|MIDI is a compact, notes-based file format widely used for keyboard instruments. It stores how to play the music - which MIDI keys are pressed, and their strength and duration. It is not an audio file format like WAV that stores the full sound of the notes actually being played. Currently, Audacity only has limited support for MIDI.
MIDI and Audacity
Current releases of Audacity are now slowly adding support for MIDI. As of October 2008, MIDI files can be imported, cut-and-paste edited, then exported as MIDI. However this feature is still buggy, and there is no MIDI playback. Conversion from MIDI to audio formats, and from audio formats to MIDI is not supported.
Audacity cannot record MIDI input, only audio input. Audacity cannot be directly controlled by a MIDI controller, though Bome's MIDI Translator (Windows and Mac OS X) can translate MIDI commands to standard keystrokes which Audacity can then recognise as keyboard shortcuts.
Converting from MIDI to audio formats
MIDI files can be converted to sampled audio formats such as WAV either by recording them as they play, or by rendering them directly to an audio format using a third-party application. Recording or rendering the MIDI file to an audio file is the only way you can edit MIDI in Audacity. It is also the only way you can burn MIDI to an audio CD. WAV is the recommended format to convert to, because it is lossless and won't significantly degrade if you edit it in Audacity. If necessary you can always export it after editing to a lossy, smaller-sized format like MP3.
On Windows or Linux, depending on your soundcard, you can record the MIDI into Audacity in real time simply by playing it on your computer, for example on Windows Media Player. On OS X you need to use a third-party program recording application such as Soundflower. For more help, see our Tutorial on recording streaming audio.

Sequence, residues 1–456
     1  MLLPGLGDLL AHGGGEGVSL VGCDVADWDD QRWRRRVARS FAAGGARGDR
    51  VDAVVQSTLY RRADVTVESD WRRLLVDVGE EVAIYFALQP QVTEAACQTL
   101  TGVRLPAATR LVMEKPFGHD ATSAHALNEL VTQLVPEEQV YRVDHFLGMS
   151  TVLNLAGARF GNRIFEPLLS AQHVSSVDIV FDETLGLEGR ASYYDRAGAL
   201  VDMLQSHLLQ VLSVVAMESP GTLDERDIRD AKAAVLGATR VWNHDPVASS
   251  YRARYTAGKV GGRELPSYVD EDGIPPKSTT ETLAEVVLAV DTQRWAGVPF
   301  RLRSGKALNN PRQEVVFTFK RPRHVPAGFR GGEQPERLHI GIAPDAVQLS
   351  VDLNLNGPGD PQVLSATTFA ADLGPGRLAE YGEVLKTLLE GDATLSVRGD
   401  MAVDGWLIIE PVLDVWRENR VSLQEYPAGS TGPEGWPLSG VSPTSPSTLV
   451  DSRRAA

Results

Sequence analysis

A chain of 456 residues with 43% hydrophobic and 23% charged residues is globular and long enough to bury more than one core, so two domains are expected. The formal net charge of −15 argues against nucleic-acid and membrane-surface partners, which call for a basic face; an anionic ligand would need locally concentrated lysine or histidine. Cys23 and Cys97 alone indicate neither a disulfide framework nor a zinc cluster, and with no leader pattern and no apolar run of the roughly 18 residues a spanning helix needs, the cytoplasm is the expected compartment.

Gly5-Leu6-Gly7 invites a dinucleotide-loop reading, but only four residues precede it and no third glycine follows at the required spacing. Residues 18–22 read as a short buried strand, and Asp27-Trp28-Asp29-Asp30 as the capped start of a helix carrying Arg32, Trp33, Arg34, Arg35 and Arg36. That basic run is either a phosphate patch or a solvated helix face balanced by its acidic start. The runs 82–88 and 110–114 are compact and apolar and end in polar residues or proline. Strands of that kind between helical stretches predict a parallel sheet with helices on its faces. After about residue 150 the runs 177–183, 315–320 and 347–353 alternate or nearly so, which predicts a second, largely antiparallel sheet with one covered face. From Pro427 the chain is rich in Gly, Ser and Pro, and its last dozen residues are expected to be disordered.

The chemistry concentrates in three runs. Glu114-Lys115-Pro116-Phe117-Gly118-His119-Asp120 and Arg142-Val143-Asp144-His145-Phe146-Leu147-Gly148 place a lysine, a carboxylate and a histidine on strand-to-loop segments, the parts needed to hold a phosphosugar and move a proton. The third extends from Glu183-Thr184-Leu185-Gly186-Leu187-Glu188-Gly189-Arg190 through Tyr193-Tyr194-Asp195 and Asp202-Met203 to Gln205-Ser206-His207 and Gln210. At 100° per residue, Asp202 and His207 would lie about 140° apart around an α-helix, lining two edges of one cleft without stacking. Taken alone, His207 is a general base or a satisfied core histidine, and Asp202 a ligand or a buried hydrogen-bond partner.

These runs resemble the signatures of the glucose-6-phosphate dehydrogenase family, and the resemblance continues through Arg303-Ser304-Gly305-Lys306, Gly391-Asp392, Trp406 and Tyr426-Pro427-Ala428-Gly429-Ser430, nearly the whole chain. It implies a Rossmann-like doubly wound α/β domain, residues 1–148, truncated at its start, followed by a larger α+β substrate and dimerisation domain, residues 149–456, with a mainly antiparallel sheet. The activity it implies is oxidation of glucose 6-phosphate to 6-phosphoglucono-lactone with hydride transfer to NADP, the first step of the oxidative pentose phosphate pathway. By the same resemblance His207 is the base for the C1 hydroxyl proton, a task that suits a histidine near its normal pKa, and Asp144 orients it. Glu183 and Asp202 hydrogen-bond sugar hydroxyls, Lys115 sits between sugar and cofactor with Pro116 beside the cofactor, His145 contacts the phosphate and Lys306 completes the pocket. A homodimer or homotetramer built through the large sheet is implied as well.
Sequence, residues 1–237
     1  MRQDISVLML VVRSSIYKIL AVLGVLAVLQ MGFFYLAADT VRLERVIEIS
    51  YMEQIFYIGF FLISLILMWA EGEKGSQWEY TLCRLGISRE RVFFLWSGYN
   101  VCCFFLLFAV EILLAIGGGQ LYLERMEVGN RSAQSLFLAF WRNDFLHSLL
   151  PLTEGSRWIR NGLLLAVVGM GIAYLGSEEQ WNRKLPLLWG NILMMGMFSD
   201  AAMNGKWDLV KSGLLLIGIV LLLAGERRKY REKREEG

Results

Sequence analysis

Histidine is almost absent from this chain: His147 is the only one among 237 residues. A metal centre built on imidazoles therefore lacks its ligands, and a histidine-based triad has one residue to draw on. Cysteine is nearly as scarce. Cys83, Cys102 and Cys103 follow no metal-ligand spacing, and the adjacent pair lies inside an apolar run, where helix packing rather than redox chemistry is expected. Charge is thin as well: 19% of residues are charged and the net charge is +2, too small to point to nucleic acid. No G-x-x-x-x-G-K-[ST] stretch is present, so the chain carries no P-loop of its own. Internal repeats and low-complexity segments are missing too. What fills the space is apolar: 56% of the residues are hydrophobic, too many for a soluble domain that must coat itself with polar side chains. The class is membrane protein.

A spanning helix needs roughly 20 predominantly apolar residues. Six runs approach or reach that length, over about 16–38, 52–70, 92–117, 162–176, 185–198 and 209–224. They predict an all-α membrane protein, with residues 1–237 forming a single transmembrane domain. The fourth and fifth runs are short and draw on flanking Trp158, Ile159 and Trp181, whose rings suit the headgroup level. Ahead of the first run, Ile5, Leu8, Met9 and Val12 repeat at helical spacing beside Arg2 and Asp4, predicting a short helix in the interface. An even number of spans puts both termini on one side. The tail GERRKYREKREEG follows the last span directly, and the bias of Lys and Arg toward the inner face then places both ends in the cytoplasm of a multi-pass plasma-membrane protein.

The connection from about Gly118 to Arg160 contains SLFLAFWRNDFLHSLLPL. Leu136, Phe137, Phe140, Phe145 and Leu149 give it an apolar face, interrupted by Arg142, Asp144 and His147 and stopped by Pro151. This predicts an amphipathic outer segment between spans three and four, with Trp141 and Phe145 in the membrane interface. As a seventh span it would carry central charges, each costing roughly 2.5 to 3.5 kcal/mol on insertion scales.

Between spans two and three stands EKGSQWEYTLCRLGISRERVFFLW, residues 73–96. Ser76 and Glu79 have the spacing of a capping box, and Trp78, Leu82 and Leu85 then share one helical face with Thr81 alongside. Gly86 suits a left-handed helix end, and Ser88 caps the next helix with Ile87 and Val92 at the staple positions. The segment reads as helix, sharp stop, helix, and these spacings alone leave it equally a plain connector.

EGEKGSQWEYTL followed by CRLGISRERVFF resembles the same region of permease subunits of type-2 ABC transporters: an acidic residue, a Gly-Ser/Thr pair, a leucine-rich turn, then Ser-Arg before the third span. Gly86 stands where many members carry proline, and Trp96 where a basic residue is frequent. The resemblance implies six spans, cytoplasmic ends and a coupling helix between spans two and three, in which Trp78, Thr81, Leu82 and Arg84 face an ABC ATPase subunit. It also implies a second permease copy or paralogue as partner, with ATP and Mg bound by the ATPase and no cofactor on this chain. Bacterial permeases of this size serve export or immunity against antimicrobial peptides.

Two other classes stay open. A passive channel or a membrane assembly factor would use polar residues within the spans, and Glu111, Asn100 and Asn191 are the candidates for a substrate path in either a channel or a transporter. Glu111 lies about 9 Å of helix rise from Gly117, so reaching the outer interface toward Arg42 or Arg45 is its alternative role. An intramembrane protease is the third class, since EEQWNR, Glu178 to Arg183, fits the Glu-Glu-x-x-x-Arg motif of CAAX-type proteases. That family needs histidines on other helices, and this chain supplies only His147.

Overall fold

As an alternative, TiMidity++ will render the MIDI to an audio file like WAV in faster than real time. For those on Windows, there are some instructions on the Forum to download a Windows TiMidity++ binary, plus the necessary soundfont file. Don't forget to run the interface executable timw32g.exe to run TiMidity++, not timidity.exe which is only the command line tool. On other platforms, look for an appropriate source package to compile (or a port for your platform) on the TiMidity++ home page. Some of the MIDI programs listed at the bottom of this page may also be able to render a MIDI file to WAV.
Converting from audio formats to MIDI
Converting in the other direction is a challenging research problem requiring software that can detect the pitch of the notes being played. At present, only single melodic lines can be converted with any degree of accuracy. We'd be very interested in helping a developer who has made progress with such software in helping it reach a wider audience through Audacity. Meantime, here are a few programs you could try:
- WavetoMidi (Cross-platform, Open Source)
- AudiotoMidi (Windows)
- Intelliscore Polyphonic (Windows)
- Digital Ear (Windows)
- AmazingMIDI (Windows) free
- WidiSoft (Windows, OS X)
- Other shareware programs
Free programs for working with MIDI
There are many excellent free programs for recording and/or editing MIDI files. Many will display the MIDI notes on a musical staff. Here are some recommendations:
- Musescore (Cross-platform, Open Source)
- Tuxguitar (Cross-platform, Open Source)
- Red Dot Forever - very simple Windows program that just records to a MIDI file
- Finale Notepad (Windows and Mac OS X)
- Anvil Studio (Windows) (free version is feature-limited)
- MU.LAB (Windows and Mac OS X) (free version is feature-limited)
- Melody Assistant (Windows and Mac OS X) (free version is feature-limited)
- Rosegarden (Linux, Open Source)
- Anthem (Linux, Open Source, requires KDE)
- Other free Windows/Linux programs
- abcmidi - abc2midi converts abc notation to midi and midi2abc converts midi to abc notation (Cross-platform, Open Source)
- midicomp - converts midi to text file and back again (Cross-platform, Open Source)